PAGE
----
Who am I?I am Mikael Hedberg and I’m the writer. I write all sorts of text that shows up in the game. I give actors lines to say and then ask them to scream a few times, because their character will most likely die at some point.
BackgroundI’ve been a gamer for as long as I can remember. I played everything I could get my hands on, board games, RPGs, and of course computer games. I can’t remember a brand or anything, but the very first computer I owned was a green keyboard with rubber keys. It didn’t have any memory to actually save things, so you had to program every game you wanted to play. I had a few sheets of paper filled with code which you painstakingly had to type before you could play. And what riveting games I got to play. Oh, the thrills of guessing that number between 1 and 100 or dodging those falling letters. Those were the days.
I did eventually upgrade to an Amiga which was the first time I encountered real story in games. LucasArts and Sierra titles quickly became my addiction. I liked all of them, but more than any other I would say Gabriel Knight: Sins of the Fathers really made me go, “Oh, these can get pretty dark and tell real stories.”
I was kind of late to the computer RPG party, because playing a lot of tabletop RPGs made me think they were pretty bad in comparison. I did start liking them around the release of Fallout 2 and played a bunch of the RPGs released around that time. I still consider Arcanum: Of Steamworks and Magick Obscura to be one of the best computer games I’ve ever played. You see, the thing about being a tabletop RPG player is that I’ve played and hosted easily over a hundred different stories in this very free and responsive type of play. Going to computer games, it’s really difficult to get excited by the storytelling because it’s rarely that interesting. Not because it doesn’t tell the right stories, but because I never feel like I’m really doing anything. I feel like I’m slowly moving a movie forward. It’s like all I do is power the projector by pushing keys. People often get dumbstruck when I don’t go nuts over games like the Last of Us. They are great at story, they tell me. Yes, they really are, but we have always had good writing and conventional storytelling. Look at the Sierra games from the 90s. They are absolutely fantastic in that respect.
I do get more excited with games that either try to give me that sense of responsibility like the Fallout games or games that try to merge gameplay and story like Heavy Rain. If you mess up, you don’t just fail, you actually fail someone in the game, you change the story. That’s when story matters, that’s when it gets interesting to me.
I’ve always wanted to tell a really good story in a game where it makes you feel like I do when I play tabletop RPGs. A game where you are concerned about what you are doing, not because you might fail some gameplay, but because it may take the story somewhere you don’t want it to go. Where your actions affect the lives of the characters you meet in a meaningful way and their well-being is reflected back on you. Basically to be human, but in another world.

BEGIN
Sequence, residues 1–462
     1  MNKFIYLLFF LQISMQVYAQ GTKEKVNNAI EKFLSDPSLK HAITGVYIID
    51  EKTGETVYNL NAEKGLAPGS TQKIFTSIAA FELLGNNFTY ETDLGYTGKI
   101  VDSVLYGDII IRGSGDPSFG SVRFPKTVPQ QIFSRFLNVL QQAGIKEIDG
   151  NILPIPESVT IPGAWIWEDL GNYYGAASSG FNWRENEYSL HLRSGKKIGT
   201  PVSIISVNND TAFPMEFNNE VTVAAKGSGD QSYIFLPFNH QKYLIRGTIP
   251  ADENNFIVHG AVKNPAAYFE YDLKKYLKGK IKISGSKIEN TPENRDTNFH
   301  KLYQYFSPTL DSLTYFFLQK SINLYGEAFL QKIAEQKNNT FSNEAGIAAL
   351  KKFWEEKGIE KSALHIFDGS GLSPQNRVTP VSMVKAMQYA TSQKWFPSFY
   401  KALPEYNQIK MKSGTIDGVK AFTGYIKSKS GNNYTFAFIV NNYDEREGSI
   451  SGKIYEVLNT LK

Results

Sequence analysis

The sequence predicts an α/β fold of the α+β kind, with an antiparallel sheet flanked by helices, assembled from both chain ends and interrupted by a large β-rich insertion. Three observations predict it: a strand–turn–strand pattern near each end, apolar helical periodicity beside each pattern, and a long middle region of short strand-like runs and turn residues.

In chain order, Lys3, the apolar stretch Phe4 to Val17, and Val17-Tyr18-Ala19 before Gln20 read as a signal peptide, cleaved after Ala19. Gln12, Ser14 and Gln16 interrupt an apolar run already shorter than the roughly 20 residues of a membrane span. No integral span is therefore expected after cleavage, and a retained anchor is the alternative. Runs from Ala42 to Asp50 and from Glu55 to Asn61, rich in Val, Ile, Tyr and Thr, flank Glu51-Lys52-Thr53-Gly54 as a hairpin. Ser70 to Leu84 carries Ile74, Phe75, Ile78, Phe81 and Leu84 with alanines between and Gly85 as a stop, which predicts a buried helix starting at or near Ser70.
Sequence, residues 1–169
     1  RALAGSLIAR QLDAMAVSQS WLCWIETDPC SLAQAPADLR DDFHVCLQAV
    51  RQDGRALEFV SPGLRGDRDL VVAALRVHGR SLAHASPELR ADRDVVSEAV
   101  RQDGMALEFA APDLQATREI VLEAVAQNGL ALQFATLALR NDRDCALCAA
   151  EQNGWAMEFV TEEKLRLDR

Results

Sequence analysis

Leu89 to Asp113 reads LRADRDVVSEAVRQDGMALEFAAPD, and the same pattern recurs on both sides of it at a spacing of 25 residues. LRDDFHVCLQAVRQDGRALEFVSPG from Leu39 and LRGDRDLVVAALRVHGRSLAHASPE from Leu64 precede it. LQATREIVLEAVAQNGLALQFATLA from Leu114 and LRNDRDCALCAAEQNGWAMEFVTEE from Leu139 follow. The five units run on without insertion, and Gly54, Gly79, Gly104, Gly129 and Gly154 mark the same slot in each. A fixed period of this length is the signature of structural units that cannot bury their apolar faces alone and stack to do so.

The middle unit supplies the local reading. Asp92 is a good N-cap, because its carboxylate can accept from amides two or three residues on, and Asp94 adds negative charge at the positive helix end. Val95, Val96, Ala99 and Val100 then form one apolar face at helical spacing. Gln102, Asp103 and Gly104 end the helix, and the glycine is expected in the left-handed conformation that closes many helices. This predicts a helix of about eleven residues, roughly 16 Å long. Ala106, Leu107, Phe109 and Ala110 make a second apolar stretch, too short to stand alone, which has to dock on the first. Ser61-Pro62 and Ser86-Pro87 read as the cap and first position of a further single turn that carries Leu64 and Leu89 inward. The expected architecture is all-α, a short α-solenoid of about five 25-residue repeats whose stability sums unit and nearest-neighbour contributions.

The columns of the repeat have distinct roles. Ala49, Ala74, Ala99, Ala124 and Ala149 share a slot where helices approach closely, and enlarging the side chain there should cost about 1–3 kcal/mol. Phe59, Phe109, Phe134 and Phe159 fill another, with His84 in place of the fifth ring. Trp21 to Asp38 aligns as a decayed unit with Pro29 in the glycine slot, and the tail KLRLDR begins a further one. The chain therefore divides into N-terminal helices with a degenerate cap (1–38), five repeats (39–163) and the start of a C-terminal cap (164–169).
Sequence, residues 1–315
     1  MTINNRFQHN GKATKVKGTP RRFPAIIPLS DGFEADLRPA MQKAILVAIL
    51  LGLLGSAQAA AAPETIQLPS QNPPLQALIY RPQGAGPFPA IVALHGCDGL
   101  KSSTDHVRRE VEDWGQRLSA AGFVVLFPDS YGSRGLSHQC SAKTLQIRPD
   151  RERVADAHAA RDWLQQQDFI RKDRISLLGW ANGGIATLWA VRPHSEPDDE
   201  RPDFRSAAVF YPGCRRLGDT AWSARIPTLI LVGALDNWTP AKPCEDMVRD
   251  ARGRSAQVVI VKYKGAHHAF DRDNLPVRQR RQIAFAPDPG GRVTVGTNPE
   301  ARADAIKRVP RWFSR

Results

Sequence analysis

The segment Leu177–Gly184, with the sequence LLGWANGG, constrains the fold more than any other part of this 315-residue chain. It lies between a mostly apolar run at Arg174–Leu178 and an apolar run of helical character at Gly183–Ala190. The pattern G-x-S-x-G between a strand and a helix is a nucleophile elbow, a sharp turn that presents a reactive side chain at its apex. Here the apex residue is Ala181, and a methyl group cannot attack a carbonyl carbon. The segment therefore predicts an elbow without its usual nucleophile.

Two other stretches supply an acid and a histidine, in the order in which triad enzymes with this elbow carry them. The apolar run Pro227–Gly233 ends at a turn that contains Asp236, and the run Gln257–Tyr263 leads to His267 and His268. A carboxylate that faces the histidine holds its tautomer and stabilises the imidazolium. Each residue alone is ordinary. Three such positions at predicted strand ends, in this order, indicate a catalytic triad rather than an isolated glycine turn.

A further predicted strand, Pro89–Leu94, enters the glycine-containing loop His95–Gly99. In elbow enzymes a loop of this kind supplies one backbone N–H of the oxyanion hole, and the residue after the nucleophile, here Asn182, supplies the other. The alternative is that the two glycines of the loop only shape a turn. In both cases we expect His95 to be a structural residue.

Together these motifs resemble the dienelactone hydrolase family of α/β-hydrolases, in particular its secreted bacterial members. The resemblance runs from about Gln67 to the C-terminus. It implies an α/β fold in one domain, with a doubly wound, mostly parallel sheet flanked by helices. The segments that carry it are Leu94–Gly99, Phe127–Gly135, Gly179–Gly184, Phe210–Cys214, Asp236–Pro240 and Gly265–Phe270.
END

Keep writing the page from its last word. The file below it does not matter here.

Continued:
|My "corner office"|
I started out my career at a pretty big company in Stockholm. It was a very educational experience concerning how the business works. However, it was very frustrating trying to get anything done. In the end I felt like I put maybe 5% of my time into the writing and 95% into company politics, talking to people and trying to get everyone on board. The one thing I learned about being a game writer is: You are responsible for the story, but you don’t have mandate to actually control the story. Impossible situation, you say? I thought so, so I kind of ran away to Japan for a while.
One day as I sat there in my house on a snowy peak in Japan there came a knocking on my door. It was Jens, an old friend of mine from school.
“Gotham needs you,” he said.
“Sorry, wrong house. Oh, hi Mike. You want to do some writing for Frictional Games?”
“No, man. I’m done with game writing. My life is all about crochet now. Wanna see?”
“Wow, that’s like really bad…”
“Well, I just started.”
“No, I mean, like really really bad…”
“All right, you made your point. I’ll take the writing gig.”
“What is this even supposed to be?!”
“I said I’d do it already!”
That’s how I ended up at Frictional Games. And there’s at least five words of truth to that story.
|SIDE – Voice recording studio|
Home away from home.
What do I do?
“This is my third attempt to produce artificial Vitae. The former compounds lacked the potency I need, but I sense I'm close. Calamine and Orpiment are a given and the Cuprite binds them well. This time I will attempt Aqua Regia instead of Aqua Fortis in hope it will produce a more even solution.The experiment was unsuccessful. The solution is highly acidic and proves impractical to put to any use except as a detergent. Organic tissue reacts especially violently to the solution and should be handled with the greatest care. I might be able to use the recipe, but I'm losing hope that I will find an alchemic solution to my predicament.”
"Oh, boy! Don’t they look great together?
|"You bastards! Look what you did to my words!"|
|"I suppose Change is kind of like Transform, so if I just shuffle them around a little. There, they totally fit."|
"— Mike, we cut another level."
As always I just need to roll with the punches.